Question is, for the money is it worth having to just to touch?
For some people who only display it might be.

If it weren't for that ZF...
 

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The scope doesn't match. The scarce ones have only one number on the stock, because that's what was original. Renumbered stocks don't bring any premium in my book because it could have been renumbered at any time by anyone. If it had the chest you could maybe justify the price. Case on the loose....maybe 1500 if you ever find one. That puts you at 7k, just a bit shy of a complete one with one matching number on the stock in a chest?
The zf mark is meaningless unless you take a look at the gun, the bore, and the headspace.
 

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It has a transit case. He posted a photo of it three posts above. The mount and stock have been renumbered, but that is still more matching than most.
 

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Discussion Starter #15
Yes, the price is for the Sniper rifle, transit case, sling, scope, and can. But I can't find anyone to check the bore and headspace.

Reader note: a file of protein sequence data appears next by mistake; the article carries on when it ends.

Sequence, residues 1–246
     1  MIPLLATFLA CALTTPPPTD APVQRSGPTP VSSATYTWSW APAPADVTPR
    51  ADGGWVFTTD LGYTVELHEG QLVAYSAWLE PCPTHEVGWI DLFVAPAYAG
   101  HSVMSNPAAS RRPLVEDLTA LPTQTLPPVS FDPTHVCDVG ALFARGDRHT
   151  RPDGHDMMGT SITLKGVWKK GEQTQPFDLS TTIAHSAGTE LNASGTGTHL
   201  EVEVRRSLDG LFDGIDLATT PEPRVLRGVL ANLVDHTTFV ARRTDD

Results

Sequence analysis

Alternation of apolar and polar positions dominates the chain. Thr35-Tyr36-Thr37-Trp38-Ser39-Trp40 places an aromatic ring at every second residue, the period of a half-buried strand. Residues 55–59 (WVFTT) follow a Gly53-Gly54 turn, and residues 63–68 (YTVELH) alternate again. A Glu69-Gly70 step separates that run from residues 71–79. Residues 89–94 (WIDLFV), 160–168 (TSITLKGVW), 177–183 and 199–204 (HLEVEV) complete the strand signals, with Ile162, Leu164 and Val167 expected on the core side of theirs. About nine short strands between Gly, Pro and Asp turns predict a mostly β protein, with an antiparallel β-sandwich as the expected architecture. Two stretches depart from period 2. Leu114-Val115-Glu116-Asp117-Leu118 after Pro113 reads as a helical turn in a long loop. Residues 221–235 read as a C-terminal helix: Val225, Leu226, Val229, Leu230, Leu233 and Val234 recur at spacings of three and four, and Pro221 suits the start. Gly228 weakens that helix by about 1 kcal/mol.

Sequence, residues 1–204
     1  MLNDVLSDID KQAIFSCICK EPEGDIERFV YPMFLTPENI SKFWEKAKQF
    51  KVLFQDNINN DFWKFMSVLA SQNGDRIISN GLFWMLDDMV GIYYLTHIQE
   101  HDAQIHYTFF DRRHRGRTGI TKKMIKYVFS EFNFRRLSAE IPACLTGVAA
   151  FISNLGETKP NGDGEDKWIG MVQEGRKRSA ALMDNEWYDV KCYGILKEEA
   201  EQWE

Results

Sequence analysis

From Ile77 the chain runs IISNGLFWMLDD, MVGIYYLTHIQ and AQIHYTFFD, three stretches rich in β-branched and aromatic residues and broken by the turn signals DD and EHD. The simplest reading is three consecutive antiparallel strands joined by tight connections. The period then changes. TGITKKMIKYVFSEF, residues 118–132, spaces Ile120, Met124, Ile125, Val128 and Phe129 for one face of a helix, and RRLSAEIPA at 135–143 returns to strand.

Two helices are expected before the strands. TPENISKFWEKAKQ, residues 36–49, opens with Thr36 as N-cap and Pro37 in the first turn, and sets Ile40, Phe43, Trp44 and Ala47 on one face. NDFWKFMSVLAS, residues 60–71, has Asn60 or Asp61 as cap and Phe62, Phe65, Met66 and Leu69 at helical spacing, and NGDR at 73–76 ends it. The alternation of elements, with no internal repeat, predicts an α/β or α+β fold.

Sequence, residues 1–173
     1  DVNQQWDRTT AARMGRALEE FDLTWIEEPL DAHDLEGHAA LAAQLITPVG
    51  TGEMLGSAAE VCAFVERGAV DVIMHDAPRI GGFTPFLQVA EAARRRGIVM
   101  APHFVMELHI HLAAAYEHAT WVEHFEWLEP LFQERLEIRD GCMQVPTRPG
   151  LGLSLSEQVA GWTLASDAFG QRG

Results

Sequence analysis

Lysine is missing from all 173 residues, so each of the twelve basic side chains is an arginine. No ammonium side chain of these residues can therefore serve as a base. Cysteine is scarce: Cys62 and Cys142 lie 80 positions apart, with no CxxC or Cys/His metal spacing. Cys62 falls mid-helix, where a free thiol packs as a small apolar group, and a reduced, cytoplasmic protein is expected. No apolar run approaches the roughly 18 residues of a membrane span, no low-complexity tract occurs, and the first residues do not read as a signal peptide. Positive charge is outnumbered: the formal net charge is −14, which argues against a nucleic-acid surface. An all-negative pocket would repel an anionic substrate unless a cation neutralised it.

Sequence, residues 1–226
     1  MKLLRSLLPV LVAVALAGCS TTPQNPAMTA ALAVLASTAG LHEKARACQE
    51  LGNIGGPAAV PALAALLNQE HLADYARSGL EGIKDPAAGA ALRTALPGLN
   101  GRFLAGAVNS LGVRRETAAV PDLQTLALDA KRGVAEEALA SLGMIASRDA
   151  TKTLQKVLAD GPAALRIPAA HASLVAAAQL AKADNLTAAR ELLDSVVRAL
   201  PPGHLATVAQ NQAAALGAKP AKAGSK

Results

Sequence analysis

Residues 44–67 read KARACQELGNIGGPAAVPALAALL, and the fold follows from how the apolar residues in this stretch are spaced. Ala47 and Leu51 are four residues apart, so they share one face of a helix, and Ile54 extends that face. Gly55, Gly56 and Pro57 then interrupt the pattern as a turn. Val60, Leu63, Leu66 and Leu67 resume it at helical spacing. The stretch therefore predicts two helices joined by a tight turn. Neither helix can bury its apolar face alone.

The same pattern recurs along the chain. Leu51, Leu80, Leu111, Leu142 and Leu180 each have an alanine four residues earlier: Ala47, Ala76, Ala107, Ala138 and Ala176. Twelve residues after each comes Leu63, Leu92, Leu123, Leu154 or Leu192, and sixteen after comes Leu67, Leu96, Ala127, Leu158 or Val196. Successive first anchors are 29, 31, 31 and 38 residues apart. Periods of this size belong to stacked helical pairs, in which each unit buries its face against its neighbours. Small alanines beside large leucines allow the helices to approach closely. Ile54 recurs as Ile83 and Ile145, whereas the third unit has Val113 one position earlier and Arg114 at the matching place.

I contacted a local gunsmith, but he told me that he does not have the tools to inspect the Enfield rifles. Another gunsmith is not doing any work because of the pandemic.
 

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Given the fact that the scope number on the stock matches the number of the scope in the photos, I'd say there is more than a very good chance it is the original stock. Depending on the price, I would not let the debate about the ZF mark alone stop me from pursuing acquisition if it's an otherwise good deal. T's with matching scope numbers are rather scarce.
while the scope number is there, the butt was also renumbered at some time,

so is it a different scope that was numbered to the stock, or a different stock that was numbered to the scope?
 

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It is a well travelled rifle showing history of wear and tear. The quickest way to get new sniper gear is to ZF the old. Can not have the boys without good gear when they are about to be deployed. Hurries up the supply chain.
 

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How did this No.4(T) managed to get to the USA with this mark, if it had issues?

A brief article by Peter Laidler regarding ZF markings.

Peter was the most senior British Armourer who served his apprenticeship on Lee Enfields and has subsequently written several books on the 4T and the 32 Scope.

This is what he says :

The ZF mark.



The short answer to this is that the ZF marking to an Armourer means that this is the end of the line.

The Z means that it has been condemned at a Base workshop (that's the Z bit) as suitable only for a Factory Repair (that's the F part). This will indicate something to do with a part that cannot be rectified at Base Workshop and that is inevitably a damaged body. On a No4 rifle, this is what we call 'the master component', a part that is NEVER supplied as a spare part through the Ordnance channels.